T Kalaiselvan
Advocate, Vellore
13971 Answers
127 Consultations
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Thank you for the reply, but sir few lawyers say that time for application was till 31 march 1991. We were not aware of this while purchasing. When the Assistant commissioner came to our Land for Possession he said that time is barred and it is government property. Is it true that once time is barred we cannot file for occupancy rights? Please suggest

As suggested you may try to contact the previous owner or his legal heirs to apply afresh for the said rights, let the government refuse, you can take it up through court of law after that. 
T Kalaiselvan
Advocate, Vellore
13971 Answers
127 Consultations
5.0 on 5.0
1.   Tenanted inam land that stood vested in State Government consequent upon abolition of inams,  — Vesting of tenanted inam land in State Government is not absolute but is subject to vested right of tenant to get occupancy conferred on him and conferment of occupancy right on tenant by Special Deputy Commissioner  Alienation of inam land by tenant after fitting occupancy right conferred on him is not hit by prohibition contained in Karnataka State Prohibition of Transfer of Certain Lands Act, 1978.
All the lands held by or in possession of the tenants vest with the State Government free from all encumbrances and the State Government is entitled to take possession of the said properties. However, as per Section 44(e) the Government is not entitled to take possession of the tenanted land and the permanent tenants, protected tenants and other tenants holding the land are entitled to such right or privileges and subject to such conditions provided under Act. In view of Section 44 of the KLR Act, it is clear that conferment of occupancy right by the Land Tribunal, and not by the Government, is only a declaration or pre-existing right which has been conferred on the tenant under Section 45 and vesting of the land is subject to right that is conferred on the tenant for conferment of occupancy right- Section 45 of the KLR Act gives a right to a person who is a tenant on the land to get the occupancy right conferred in his favour and Sections 48 and 48-A deals with the constitution of the Tribunals and enquiry by the Tribunal. The occupancy right will be conferred by the Land Tribunal and not by the Government under Section 48-A of the KLR Act on a tenant who was cultivating the land personally on 1-3-1974. Therefore, what is conferred on the tenant who was personally cultivating the land on 1-3-1974 is the declaration of his occupancy right of land on 1-3-1974, by the Tribunal. The preamble to the KLR Act clearly shows that the Act is enacted to confer ownership on the tenants and wherefore, it is clear that the conferment of occupancy right on the tenant who was personally cultivating the land on 1-3-1974 is conferment of ownership on the tenant as per the preamble to the Act and the same is subject to certain restrictions which are imposed in the certificate of registration issued under Section 55 of the Act in Form 10.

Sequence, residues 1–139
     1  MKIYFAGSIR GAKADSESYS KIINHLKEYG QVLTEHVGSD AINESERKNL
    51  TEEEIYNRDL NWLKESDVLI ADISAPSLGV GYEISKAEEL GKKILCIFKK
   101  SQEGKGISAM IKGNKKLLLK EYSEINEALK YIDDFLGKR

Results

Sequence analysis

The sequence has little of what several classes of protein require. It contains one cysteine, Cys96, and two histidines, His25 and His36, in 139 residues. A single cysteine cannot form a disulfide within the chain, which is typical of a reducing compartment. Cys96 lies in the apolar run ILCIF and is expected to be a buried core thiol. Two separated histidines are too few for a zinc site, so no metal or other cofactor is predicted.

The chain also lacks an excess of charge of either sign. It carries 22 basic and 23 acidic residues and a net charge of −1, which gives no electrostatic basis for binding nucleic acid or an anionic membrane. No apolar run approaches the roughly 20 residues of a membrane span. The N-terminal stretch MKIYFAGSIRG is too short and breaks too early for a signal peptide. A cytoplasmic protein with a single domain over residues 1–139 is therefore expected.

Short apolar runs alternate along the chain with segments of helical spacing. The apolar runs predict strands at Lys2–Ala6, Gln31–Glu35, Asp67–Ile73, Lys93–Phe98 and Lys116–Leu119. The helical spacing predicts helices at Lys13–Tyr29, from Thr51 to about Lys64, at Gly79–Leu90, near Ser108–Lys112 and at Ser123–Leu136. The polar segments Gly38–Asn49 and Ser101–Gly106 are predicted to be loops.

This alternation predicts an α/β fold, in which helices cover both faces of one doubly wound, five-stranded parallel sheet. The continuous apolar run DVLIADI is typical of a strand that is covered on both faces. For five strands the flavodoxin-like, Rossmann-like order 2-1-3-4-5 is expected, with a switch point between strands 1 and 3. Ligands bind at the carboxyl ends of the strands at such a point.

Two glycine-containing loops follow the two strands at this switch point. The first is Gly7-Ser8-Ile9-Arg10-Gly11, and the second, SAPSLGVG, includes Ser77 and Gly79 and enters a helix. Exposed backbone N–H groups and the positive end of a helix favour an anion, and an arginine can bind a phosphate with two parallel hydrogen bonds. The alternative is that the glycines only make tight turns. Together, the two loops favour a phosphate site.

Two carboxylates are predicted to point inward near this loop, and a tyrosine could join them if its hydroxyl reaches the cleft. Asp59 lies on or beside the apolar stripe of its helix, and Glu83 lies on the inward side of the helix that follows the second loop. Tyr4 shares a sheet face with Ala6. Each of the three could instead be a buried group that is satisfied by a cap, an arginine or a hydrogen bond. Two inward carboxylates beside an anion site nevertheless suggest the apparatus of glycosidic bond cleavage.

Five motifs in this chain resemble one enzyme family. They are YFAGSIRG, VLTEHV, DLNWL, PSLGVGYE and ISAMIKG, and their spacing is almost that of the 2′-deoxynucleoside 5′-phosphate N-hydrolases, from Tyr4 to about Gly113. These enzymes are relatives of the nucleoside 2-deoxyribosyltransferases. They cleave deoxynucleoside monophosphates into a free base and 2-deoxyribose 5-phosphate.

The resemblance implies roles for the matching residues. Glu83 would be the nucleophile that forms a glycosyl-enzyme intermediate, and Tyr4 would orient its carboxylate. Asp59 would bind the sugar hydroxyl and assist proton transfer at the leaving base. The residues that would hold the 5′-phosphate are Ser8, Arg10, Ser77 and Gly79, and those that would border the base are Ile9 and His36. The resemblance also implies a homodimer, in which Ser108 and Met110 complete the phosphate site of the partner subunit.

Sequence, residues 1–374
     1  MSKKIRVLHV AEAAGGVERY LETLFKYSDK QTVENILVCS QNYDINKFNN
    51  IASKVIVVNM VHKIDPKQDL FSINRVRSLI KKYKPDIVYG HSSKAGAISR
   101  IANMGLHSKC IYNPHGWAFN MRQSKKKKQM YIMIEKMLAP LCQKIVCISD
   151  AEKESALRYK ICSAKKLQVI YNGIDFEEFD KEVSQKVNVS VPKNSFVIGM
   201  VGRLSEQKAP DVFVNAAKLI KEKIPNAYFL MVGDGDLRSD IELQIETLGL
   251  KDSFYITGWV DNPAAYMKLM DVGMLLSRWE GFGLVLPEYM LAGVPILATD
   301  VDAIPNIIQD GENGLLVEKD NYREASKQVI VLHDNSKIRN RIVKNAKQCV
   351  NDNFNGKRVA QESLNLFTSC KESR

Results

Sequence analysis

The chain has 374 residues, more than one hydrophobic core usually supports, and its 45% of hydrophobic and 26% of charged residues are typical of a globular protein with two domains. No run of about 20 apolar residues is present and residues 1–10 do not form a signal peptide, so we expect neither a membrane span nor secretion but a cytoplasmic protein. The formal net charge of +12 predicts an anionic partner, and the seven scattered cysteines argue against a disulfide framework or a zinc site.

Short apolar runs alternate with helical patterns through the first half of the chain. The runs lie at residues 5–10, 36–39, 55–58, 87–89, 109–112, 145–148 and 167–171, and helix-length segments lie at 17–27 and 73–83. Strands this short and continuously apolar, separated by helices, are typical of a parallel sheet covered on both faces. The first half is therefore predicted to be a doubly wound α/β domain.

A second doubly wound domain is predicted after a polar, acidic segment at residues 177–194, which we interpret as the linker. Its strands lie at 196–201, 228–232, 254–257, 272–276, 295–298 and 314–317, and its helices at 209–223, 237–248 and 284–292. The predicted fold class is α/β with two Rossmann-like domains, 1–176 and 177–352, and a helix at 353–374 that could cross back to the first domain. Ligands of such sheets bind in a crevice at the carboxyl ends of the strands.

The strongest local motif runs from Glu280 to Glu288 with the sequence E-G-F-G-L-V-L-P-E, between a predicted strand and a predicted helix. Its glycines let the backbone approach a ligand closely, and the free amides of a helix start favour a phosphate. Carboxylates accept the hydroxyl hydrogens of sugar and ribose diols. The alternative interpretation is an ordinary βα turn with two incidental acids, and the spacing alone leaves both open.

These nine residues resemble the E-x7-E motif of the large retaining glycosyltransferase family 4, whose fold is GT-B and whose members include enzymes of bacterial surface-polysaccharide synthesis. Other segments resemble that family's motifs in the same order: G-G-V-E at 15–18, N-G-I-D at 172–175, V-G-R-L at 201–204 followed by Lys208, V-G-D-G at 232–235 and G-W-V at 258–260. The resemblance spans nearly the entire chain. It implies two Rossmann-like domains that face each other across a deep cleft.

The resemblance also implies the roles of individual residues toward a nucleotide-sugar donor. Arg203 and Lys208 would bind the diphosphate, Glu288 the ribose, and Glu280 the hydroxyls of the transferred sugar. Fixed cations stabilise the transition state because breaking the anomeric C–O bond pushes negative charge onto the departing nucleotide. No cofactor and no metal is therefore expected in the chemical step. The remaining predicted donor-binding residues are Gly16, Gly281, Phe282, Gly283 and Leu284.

2.  The LRs canot stake claim on this since it has been transferred by execution of a registered sale deed long back. 
T Kalaiselvan
Advocate, Vellore
13971 Answers
127 Consultations
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1) A purchaser of inam land from a tenant in possession after the land had vested in Government is entitled to make an application for registry as permanent tenant. The interest possessed by his vendor was an interest in respect of immoveable property which could be sold. If the vendor-tenant was competent to make an application under the Act, his right to occupancy stood transferred to the purchaser. — Sreenivasamurthy v State of Mysore, (1975)1 Kar. L.J. Jr. 60, Sh. N. 175.
Ajay Sethi
Advocate, Mumbai
23184 Answers
1218 Consultations
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Narayanapa could have only sold the land after occupancy rights were granted by the land tribunal in 1982,

Sake transaction would not be legal 
Ajay Sethi
Advocate, Mumbai
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1218 Consultations
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Legally the sale may be considered invalid becasue one cannot take things for granted under the said situation. 
If he had applied for occupancy rights, then he should have waited for the approval instead he sold the property even before getting it, in any case there had been numerous transactions after that, hence an exemption may be sought in accordance to that and if need be an application supported by an affidavit o undertaking may also be added to that. 
T Kalaiselvan
Advocate, Vellore
13971 Answers
127 Consultations
5.0 on 5.0